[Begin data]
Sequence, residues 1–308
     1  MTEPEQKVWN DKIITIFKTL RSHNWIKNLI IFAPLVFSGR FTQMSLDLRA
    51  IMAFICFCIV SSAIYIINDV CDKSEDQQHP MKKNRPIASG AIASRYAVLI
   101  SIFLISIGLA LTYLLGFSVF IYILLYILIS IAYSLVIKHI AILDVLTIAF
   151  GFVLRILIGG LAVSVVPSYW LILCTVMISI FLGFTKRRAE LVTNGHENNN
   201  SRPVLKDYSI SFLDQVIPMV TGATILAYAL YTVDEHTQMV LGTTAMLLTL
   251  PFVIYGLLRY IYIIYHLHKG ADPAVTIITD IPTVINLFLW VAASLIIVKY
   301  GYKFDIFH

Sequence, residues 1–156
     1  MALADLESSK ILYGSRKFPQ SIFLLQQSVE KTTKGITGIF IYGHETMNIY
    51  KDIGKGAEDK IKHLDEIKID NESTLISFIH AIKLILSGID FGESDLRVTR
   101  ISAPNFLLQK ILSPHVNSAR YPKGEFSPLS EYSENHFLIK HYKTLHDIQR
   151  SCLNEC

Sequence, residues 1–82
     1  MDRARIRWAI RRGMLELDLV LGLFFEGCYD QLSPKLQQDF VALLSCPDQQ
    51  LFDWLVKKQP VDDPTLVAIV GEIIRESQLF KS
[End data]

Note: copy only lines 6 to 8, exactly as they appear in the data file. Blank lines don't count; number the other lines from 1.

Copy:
   201  SRPVLKDYSI SFLDQVIPMV TGATILAYAL YTVDEHTQMV LGTTAMLLTL
   251  PFVIYGLLRY IYIIYHLHKG ADPAVTIITD IPTVINLFLW VAASLIIVKY
   301  GYKFDIFH